After 11 days off, the Cal football team resumed their spring practice on Wednesday at Memorial Stadium. Coach Justin Wilcox, although offering little in the way of specifics, was pleased with the workout, seventh of the spring.
"It was good to get back out here today, it was very competitive," Cal's rookie coach said at the conclusion of the afternoon's work.
As they have all spring to work, the Bears continued to emphasize tackling, pointing to what was an obvious weakness in the 2016 team.
"We do it every day, we meet on tackling every day as a team," Wilcox said, noting that virtually every player, not just those on defense, participates. "We don't know if it has paid off because we haven't played a game yet. But it will, as long as we keep working the fundamentals and doing the things it takes to be a good tackling team.
"Everybody for the most part does tackle. Mostly the kickers don't and the quarterbacks don't, but offensive linemen, it might be on a punt. Defensive linemen, defensive players obviously, wide receivers, running backs on special teams. Everybody at some point needs to make a tackle so it's important."
Wilcox did not use the "i" word, but offensive players most often tackle when the quarterback throws an interception. Which brings us to the burning question of the spring: Who will be throwing those passes that one hopes will not be intercepted?
Will it be Chase Forrest, Ross Bowers, Max Gilliam, Victor Viramontes or even true freshman Collin Moore? Wilcox wasn't about to offer as much as a hint as to where the competition stood.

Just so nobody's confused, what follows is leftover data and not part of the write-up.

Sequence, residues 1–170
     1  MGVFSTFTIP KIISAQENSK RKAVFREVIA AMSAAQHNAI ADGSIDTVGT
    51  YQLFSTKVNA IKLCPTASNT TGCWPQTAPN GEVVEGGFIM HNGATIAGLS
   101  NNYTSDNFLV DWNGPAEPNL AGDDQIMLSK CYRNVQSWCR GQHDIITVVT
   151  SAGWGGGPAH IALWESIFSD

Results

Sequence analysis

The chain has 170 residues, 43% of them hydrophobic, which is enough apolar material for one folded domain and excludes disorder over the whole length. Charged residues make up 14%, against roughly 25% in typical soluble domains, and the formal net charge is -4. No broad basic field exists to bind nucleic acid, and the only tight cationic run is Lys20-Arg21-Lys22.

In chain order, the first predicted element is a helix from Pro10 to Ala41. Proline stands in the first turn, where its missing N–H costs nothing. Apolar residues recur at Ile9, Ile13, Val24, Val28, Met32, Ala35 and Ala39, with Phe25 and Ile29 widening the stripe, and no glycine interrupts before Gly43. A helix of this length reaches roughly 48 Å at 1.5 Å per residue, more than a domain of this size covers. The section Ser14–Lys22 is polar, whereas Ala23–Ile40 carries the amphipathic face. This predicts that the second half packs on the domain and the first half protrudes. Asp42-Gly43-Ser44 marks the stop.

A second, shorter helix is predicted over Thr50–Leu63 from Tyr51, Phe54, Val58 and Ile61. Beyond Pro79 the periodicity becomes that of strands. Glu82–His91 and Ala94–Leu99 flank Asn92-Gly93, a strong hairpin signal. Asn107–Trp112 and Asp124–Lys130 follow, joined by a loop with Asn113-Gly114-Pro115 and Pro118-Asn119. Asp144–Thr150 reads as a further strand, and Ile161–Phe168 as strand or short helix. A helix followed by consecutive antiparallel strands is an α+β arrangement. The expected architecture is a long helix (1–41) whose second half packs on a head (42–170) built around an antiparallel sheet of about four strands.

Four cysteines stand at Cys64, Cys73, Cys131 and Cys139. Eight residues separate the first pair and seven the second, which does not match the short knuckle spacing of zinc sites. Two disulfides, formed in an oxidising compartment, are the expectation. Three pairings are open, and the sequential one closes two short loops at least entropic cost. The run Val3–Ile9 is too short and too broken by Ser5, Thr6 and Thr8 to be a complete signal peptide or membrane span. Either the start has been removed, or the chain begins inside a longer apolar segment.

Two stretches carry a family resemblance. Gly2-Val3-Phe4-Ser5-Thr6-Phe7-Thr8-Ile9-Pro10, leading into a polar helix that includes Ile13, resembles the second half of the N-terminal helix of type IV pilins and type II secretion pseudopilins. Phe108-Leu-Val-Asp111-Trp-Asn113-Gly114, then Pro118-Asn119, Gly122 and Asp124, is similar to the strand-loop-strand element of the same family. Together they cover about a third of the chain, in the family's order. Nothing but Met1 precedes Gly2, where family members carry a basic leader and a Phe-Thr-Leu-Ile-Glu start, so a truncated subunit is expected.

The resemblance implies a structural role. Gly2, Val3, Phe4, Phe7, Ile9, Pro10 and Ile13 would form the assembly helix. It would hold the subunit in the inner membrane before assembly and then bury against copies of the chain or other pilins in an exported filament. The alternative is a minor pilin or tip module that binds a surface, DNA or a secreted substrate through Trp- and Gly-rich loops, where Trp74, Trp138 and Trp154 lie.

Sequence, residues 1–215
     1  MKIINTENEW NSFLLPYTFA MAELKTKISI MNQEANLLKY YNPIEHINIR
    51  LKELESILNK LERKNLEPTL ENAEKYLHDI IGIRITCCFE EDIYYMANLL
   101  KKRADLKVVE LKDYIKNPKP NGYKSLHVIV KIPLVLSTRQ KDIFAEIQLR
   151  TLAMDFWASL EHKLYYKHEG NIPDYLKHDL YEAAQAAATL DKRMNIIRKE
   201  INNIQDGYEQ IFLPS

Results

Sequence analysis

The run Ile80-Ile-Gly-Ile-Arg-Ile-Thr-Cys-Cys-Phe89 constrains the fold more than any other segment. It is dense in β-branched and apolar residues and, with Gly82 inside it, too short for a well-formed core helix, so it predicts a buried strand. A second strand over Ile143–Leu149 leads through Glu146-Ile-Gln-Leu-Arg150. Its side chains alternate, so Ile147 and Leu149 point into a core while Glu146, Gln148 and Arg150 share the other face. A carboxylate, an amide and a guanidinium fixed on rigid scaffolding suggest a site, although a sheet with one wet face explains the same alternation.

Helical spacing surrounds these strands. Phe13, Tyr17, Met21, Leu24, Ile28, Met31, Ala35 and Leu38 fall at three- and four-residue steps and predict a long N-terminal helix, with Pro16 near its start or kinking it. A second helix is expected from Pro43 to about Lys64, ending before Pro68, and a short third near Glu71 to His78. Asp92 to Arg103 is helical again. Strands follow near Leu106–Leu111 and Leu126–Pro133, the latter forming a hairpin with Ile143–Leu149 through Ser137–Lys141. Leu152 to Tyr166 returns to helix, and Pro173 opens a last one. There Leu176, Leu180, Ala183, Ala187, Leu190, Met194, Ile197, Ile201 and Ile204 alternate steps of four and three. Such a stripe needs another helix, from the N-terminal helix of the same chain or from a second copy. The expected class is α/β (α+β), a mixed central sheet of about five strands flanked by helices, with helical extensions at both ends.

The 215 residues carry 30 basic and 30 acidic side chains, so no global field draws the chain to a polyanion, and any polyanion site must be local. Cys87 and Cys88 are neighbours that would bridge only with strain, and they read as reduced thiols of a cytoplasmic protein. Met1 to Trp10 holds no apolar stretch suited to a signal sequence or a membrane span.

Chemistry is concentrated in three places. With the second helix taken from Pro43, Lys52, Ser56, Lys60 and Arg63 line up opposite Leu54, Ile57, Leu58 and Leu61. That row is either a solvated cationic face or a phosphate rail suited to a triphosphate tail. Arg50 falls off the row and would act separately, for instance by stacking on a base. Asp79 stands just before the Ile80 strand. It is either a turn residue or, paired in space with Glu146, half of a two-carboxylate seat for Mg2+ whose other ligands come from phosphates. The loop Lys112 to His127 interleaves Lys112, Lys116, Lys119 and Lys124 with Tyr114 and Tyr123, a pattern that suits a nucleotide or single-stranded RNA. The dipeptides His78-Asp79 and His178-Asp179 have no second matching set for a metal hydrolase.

"Those guys are doing a really good job of competing," he said. "Really it's about learning and practicing. So again, there is so much time. I wouldn't say anything has been settled by any means. It is something that will continue to develop through spring and possibly through fall."
And he said he was in no rush to make a decision. "We will let those guys learn, go out and compete and hone their skills," he said. "Then those things will sort themselves out."
Wilcox and his offensive staff have introduced one position to the offense that virtually has been missing the last few years: tight end. Sonny Dykes' "Bear Raid" offense seldom used one. Now the Bears will have a man at that position, if not every down, certainly most of them.
"We've got some guys with some size in there and we'll use it and (be) physical and learn some new techniques in terms of the run and pass game for them," he said. "They've done a great job. It is a group that has some versatility."
The coach mentioned that group has some "bigger guys". Of course none is bigger than 5-11, 300-pound junior Malik McMorris, who lined up at fullback often the last two years to the delight of the Cal fans and the terror of opposing linebackers.
"He has a unique skill set," Wilcox said. "We're going to use him."
While McMorris is a most imposing blocker, senior Raymond Hudson, who spent of the last two seasons as a wide receiver, might be the most accomplished pass catcher of the group. He is glad to see the position, which he played in high school, reinstated.
"I was stoked," he told the Cal Athletics web site. "The first thing I wanted to hear was if I was switching inside because I just wanted to get my hand on the ground and hit some people. Two of the touchdowns I caught last year were from a tight end-like position, so I've made catches in that role, but it's different in some ways even though the familiarity is there. "
The Bears take Thursday off and then are back on the field Friday with an afternoon practice that is closed to the public and a Saturday morning (11 a.m.) workout that is open to the public. The following two weeks they will practice seven more times, but only the annual Spring Game on Saturday April 22 will be open.